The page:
Even during non-pandemic times, flu season has been known to bring hospitals to their knees, overcrowding emergency rooms and intensive care units.

Now, with some hospitals already at capacity and staff across the country burnt out by a year and a half of providing pandemic care, an intense flu season could be especially dire.

“This is definitely not the year to have influenza wreak havoc,” Tam said.

That’s why public health officials say it will be more important than ever that people get flu shots to avoid complications like pneumonia and protect hospitals from becoming overloaded.

On Oct. 7, The National Advisory Committee on Immunization suggested the flu vaccine can be given any time before or after – or even at the same time as – the COVID-19 vaccine, so there’s no reason to postpone either shot.

It’s too early to say how severe the flu season is likely to be, but pediatric hospitals are already feeling the ill effects.

The emergency room at the Children’s Hospital of Eastern Ontario is packed to the level the hospital would normally see at the peak of flu season.

The surge has been driven partly by routine injuries, but also from a “potpourri” of viruses, including RSV, said Tammy DeGiovanni, the hospital’s senior vice-president of clinical services and chief nurse executive.

Because of COVID-19, she said, CHEO has had to cancel surgeries and add to already length backlogs. Flu cases would only compound that problem further and create lengthy waits for non-urgent care.

“What we worry about is our capacity and our ability to staff,” DeGiovanni said in an interview Friday. “What we try not to do, but we’ve been forced to, are some cancellations.”

A similar situation is playing out at other children’s hospitals as well, she said.

Tam said the federal government has been bolstering health-care systems throughout the pandemic by ensuring emergency aid from the Canadian Armed Forces and the Canadian Red Cross, but the solution is not sustainable.

“Health-care capacity cannot be generated overnight, and particularly things like ICU capacity,” Tam said.

“People need to do everything they can to reduce both COVID and other respiratory viruses in order to keep our system going.”

Tam’s deputy, Dr. Howard Njoo, said one of the silver linings of the pandemic may be the prevalence of flu prevention measures, like hand-sanitation stations and mask wearing.

“Hopefully these types of behaviors will carry on long past … COVID-19 and become part of normal healthy behaviors to protect yourselves in the future against other respiratory infections, including annual flu.”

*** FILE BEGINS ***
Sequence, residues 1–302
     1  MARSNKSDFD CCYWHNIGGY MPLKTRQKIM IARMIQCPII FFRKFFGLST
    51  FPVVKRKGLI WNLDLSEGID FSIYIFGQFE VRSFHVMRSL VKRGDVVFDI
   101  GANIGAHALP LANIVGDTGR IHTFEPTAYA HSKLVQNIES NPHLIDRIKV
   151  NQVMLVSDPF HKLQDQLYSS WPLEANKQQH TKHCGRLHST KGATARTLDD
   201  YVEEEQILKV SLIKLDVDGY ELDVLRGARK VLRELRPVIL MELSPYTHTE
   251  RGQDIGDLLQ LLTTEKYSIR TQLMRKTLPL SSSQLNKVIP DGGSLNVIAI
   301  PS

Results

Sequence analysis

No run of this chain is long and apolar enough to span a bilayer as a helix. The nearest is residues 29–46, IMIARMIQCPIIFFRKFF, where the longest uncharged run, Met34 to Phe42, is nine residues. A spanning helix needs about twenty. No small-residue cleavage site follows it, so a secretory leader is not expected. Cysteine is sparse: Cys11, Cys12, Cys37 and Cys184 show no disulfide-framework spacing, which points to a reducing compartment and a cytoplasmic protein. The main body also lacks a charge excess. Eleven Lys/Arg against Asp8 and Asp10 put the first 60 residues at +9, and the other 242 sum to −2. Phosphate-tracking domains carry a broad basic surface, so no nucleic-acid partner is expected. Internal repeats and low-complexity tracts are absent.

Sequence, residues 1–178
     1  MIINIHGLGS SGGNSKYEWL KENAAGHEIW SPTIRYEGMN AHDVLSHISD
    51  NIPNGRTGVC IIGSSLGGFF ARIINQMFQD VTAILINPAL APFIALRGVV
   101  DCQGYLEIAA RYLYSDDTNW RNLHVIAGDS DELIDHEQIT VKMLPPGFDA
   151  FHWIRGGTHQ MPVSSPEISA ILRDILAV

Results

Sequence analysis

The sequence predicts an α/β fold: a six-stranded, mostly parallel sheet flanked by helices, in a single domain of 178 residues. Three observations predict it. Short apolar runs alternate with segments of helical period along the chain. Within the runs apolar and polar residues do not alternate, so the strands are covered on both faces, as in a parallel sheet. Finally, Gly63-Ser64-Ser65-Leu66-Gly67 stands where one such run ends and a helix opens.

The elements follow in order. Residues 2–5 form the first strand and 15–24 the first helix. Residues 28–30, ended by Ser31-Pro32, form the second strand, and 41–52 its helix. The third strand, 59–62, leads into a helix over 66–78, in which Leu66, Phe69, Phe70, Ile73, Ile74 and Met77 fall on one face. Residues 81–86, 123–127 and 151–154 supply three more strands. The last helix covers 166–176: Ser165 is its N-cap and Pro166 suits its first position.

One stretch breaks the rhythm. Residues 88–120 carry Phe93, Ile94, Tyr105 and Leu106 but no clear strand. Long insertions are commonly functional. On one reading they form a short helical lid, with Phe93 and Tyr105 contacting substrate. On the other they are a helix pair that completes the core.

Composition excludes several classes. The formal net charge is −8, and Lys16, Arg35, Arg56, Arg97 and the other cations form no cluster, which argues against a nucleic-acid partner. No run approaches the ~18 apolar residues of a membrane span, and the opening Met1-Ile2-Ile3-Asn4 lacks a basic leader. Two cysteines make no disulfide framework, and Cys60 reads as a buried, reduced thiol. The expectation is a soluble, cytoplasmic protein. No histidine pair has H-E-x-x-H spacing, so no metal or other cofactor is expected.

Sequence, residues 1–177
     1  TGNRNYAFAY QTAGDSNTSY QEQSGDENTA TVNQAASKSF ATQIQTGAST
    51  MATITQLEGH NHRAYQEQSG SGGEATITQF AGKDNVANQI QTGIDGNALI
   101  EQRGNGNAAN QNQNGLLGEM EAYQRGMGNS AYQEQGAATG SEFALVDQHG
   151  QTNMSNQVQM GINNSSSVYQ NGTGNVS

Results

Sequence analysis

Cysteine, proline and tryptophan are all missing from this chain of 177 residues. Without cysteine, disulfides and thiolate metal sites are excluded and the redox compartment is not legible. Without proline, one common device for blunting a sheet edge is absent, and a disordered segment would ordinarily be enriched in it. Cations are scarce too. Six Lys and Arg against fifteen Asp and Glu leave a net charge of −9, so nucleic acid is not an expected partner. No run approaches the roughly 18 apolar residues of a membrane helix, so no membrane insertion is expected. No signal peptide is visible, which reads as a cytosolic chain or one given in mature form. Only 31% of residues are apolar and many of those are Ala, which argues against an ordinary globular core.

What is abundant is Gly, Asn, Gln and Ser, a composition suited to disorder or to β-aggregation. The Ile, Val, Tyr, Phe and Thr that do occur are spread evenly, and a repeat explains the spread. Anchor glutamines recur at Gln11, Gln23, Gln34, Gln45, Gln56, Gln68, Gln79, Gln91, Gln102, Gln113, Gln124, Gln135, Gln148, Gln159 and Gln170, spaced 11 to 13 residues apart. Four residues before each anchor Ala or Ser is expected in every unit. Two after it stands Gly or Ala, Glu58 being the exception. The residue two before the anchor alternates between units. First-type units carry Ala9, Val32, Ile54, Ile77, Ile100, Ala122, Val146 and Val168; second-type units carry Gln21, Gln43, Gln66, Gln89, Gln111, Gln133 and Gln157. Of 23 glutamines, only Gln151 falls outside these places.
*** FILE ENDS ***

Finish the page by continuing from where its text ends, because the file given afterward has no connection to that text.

This report by The Canadian Press was first published Oct. 15, 2021

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New Zealand vaccinates 2.5% of its people in a day in drive to live with COVID-19



New Zealand vaccinated at least 2.5% of its people on Saturday as the government tries to accelerate inoculations and live with COVID-19, preliminary health ministry data showed.

Through an array of strategies, gimmicks and Prime Minister Jacinda Ardern’s encouragement through the day, 124,669 shots were administered by late in the day in a country of 4.9 million.

“We set a target for ourselves, Aotearoa, you’ve done it, but let’s keep going,” Ardern said, using a Maori name for New Zealand at a vaccination site, according to the Newshub news service. “Let’s go for 150 [thousand]. Let’s go big or go home.”

New Zealand had stayed largely virus-free for most of the pandemic until an outbreak of the Delta Variant in mid-August. The government now aims to have the country live with COVID-19 through higher inoculations.

Forty-one new cases were reported on Saturday, 40 of them in Auckland, New Zealand’s largest city. It has been in lockdown since mid-August to stamp out the Delta outbreak. Officials plan to end the strict restrictions when full vaccination rates reach 90%.

As of Friday, 62% of New Zealand’s eligible population had been fully vaccinated and 83% had received one shot.

Vaccination spots were set up on Saturday throughout the country, including at fast-food restaurants and parks, with some spots offering sweets afterwards, local media reported.

“I cannot wait to come and play a concert, I want to be sweaty and dancing and maybe not even wearing masks. Hopefully we can get there,” said pop singer Lorde, according to local media.

“Protect your community, get yourself a little tart, perhaps a little cream bun,” she said. “But please, please get that jab.”

Final results of the mass vaccination drive are expected to be released on Sunday.


(Reporting by Lidia Kelly in Melbourne; Rditing by William Mallard)